#1 How many Americans meet the Physical Activity Guidelines?

In 2017, only about 20% of high school students and 25% of adults reported getting enough physical activity to meet the aerobic and muscle-strengthening guidelines.

 

#2 How much physical activity do school-aged youth and adults need?

The guidelines for children and adolescents are as follows:

  • It is important to provide young people opportunities and encouragement to participate in physical activities that are appropriate for their age, that are enjoyable and that offer variety.
  • Children and adolescents aged six through 17 years should do 60 minutes or more of moderate-to-vigorous physical activity daily:
    • Aerobic: Most of the 60 minutes or more per day should be either moderate- or vigorous-intensity aerobic physical activity and should include vigorous-intensity physical activity on at least three days a week.
    • Muscle-strengthening: As part of their 60 minutes or more of daily physical activity, children and adolescents should include muscle-strengthening physical activity on at least three days a week.
    • Bone-strengthening: As part of their 60 minutes or more of daily physical activity, children and adolescents should include bone-strengthening physical activity on at least three days a week.

The guidelines for adults are as follows:

  • Adults should move more and sit less throughout the day. Some physical activity is better than none. Adults who sit less and do any amount of moderate-to-vigorous physical activity gain some health benefits.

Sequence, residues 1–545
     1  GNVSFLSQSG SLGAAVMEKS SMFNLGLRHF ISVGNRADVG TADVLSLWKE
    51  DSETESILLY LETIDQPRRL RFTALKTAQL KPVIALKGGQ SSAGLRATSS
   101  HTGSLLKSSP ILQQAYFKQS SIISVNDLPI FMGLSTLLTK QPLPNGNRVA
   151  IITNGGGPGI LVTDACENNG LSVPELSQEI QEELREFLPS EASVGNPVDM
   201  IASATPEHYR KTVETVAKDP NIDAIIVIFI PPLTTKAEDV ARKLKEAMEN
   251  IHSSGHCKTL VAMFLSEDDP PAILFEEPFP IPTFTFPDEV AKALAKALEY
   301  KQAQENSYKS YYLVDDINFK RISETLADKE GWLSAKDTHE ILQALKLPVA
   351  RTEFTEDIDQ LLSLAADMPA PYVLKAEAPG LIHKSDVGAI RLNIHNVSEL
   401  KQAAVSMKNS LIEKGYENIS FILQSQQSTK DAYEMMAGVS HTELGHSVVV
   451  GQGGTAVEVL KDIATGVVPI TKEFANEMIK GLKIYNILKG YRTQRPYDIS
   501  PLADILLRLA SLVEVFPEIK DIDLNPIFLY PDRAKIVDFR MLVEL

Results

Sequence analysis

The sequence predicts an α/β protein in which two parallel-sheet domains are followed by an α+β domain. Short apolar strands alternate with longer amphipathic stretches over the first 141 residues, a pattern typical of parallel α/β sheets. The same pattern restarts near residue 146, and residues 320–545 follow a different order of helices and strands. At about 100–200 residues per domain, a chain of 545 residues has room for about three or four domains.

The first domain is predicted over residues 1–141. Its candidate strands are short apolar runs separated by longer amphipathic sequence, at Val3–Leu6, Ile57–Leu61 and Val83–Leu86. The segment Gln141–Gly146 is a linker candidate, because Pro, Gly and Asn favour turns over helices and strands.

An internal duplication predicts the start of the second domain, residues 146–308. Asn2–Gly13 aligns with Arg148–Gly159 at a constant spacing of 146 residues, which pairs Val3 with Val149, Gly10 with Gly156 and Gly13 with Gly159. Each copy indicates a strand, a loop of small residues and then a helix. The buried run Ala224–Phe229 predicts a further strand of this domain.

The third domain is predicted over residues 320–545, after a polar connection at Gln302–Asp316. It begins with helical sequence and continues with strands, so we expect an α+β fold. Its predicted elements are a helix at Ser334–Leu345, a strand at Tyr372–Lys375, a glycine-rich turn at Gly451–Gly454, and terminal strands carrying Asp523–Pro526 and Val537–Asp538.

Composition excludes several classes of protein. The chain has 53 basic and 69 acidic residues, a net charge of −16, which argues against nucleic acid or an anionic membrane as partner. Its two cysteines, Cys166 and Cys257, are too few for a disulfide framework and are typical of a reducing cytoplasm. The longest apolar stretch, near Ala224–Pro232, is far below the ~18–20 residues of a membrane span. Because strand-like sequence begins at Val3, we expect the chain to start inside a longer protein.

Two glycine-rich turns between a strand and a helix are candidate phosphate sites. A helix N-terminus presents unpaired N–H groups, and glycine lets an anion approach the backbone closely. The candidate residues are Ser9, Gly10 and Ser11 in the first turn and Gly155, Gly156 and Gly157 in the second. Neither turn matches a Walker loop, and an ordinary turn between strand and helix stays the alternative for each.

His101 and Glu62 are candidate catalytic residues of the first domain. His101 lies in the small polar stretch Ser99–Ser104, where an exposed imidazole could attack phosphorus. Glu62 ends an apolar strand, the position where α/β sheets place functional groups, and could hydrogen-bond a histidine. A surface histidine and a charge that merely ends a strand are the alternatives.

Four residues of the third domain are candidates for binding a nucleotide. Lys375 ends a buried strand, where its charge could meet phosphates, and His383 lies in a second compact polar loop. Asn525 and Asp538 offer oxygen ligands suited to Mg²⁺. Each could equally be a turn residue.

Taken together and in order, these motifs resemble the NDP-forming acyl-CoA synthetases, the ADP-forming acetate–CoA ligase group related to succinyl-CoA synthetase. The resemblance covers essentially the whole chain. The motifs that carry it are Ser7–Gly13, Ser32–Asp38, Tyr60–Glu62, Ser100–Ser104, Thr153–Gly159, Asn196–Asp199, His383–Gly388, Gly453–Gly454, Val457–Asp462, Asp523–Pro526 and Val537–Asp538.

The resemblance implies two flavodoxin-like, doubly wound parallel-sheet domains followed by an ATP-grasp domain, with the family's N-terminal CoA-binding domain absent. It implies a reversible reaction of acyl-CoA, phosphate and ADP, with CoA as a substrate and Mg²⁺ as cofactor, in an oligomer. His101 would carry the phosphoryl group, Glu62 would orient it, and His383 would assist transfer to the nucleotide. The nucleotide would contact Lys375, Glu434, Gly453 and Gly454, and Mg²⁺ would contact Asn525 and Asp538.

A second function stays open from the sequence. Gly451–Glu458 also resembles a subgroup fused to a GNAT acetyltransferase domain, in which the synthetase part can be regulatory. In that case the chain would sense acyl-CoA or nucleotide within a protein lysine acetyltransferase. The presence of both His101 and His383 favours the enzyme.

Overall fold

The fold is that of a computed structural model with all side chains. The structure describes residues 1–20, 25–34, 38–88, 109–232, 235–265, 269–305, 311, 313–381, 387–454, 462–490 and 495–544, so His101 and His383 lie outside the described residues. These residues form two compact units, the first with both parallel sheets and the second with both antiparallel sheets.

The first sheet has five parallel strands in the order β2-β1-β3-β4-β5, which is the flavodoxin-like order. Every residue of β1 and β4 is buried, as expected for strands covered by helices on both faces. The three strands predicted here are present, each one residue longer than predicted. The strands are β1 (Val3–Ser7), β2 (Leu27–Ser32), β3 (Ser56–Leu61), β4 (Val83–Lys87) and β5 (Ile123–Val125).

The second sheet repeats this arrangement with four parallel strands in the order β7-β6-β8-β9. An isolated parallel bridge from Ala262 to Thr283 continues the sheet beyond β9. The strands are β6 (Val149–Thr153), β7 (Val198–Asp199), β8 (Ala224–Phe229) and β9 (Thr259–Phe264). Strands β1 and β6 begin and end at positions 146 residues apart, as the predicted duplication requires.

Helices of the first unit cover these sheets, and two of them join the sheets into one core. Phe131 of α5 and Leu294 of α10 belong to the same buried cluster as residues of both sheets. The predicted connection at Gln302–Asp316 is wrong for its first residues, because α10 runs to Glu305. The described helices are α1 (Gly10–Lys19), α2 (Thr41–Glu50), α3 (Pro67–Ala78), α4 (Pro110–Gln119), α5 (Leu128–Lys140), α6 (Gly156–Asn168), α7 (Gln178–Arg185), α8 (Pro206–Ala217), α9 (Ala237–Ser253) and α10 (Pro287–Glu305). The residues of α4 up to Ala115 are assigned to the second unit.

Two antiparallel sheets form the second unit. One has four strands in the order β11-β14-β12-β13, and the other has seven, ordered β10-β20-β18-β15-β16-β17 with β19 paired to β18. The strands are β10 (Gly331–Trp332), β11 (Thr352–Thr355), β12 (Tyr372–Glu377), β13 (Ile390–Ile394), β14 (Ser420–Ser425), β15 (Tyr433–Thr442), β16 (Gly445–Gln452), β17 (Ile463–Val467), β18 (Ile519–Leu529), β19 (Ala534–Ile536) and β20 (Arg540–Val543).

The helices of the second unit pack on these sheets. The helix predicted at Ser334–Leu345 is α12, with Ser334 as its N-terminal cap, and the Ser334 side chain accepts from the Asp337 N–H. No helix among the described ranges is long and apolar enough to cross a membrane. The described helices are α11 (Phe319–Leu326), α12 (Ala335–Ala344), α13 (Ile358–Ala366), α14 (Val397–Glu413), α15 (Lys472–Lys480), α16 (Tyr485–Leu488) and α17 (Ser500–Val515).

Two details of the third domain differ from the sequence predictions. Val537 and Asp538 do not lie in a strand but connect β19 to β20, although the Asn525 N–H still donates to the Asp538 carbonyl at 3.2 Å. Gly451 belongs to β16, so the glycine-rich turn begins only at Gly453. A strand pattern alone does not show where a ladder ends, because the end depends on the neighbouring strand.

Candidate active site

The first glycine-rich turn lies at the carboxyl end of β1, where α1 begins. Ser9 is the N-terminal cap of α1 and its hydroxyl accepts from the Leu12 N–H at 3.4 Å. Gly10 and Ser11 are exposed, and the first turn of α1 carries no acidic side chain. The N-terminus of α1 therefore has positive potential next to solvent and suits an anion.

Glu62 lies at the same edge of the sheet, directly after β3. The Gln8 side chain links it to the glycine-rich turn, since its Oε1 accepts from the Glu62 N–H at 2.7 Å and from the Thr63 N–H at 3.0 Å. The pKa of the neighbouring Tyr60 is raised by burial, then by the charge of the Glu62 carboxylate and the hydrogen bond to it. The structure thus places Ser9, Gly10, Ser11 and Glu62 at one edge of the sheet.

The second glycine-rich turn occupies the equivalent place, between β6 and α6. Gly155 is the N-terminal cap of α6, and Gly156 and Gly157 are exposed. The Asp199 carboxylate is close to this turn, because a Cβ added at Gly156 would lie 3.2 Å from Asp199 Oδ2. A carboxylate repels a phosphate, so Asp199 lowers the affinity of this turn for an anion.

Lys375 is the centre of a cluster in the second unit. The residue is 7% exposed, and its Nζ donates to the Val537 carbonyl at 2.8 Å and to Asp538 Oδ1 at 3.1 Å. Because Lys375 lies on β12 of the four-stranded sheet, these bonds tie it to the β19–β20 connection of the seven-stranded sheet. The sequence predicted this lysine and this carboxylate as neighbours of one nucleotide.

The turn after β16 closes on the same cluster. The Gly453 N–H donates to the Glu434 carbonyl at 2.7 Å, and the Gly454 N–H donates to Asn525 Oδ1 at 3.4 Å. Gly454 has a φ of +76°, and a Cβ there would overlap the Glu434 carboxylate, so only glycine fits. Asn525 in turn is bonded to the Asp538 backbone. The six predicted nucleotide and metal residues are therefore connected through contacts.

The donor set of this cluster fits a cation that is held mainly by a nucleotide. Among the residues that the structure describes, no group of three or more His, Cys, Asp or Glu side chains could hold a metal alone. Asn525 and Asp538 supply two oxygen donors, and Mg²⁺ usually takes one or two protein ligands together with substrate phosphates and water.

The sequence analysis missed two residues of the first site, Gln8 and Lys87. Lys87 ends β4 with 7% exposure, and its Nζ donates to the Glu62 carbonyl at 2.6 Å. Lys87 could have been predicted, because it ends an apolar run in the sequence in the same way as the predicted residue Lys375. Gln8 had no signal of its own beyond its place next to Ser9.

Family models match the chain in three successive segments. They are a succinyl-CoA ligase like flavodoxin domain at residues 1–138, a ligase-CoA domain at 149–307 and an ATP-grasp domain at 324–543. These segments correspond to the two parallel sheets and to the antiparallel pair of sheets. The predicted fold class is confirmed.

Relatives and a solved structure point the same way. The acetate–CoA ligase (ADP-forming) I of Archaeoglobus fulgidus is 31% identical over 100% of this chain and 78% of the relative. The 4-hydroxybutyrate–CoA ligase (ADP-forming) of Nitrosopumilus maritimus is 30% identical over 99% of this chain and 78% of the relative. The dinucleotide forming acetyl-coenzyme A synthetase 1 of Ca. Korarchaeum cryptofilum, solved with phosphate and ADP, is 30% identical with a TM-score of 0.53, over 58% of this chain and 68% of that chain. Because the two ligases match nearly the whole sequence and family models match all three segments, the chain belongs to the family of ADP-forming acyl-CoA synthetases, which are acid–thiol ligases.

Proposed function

• For substantial health benefits, adults should do at least 150 minutes to 300 minutes a week of moderate-intensity, or 75 minutes to 150 minutes a week of vigorous-intensity aerobic physical activity, or an equivalent combination of moderate- and vigorous-intensity aerobic activity. Preferably, aerobic activity should be spread throughout the week.
  • Additional health benefits are gained by engaging in physical activity beyond the equivalent of 300 minutes of moderate-intensity physical activity a week.
  • Adults should also do muscle-strengthening activities of moderate or greater intensity and that involve all major muscle groups on two or more days a week, as these activities provide additional health benefits.

See Physical Activity Guidelines for Americans, 2nd Edition for additional key guidelines for the following populations:

  • Preschool-aged children.
  • Older adults.
  • Women during pregnancy and the postpartum period.
  • Adults with chronic health conditions and adults with disabilities.
  • Safe physical activity.

 

#3 To meet the current Physical Activity Guidelines, do Americans need to be more or less active compared to what was first recommended in 2008?

The new evidence reinforces the amounts and types of physical activity recommended for youth and adults in the 2008 Guidelines. The total amount of physical activity didn’t change in the second edition of the Guidelines. However, unlike the 2008 Guidelines, with the current Guidelines, moderate- and vigorous-intensity physical activity no longer needs to occur in bouts of at least 10 minutes to count towards meeting the adult aerobic activity guideline.

 

#4 What has changed in this second edition of the Guidelines?

This second edition of the Guidelines reflects the extensive amount of new knowledge gained since the 2008 release of the first edition of the Guidelines. This second edition of the Guidelines discusses the proven benefits of physical activity and outlines the amounts and types of physical activity recommended for different ages and populations. For example, new aspects include discussions of:

  • Immediate and longer-term benefits for how people feel, function and sleep after being physically active.
  • Additional health benefits of physical activity related to brain health, additional cancer sites and fall-related injuries.
  • Further benefits of being active among older adults and people with additional chronic conditions.
  • Risks of sedentary behavior and their relationship with physical activity.
  • Guidance on activity levels for preschool children aged three through five years.
  • Elimination of the requirement for physical activity of adults to occur in bouts of at least 10 minutes.
  • Tested strategies that can be used to get the population more active.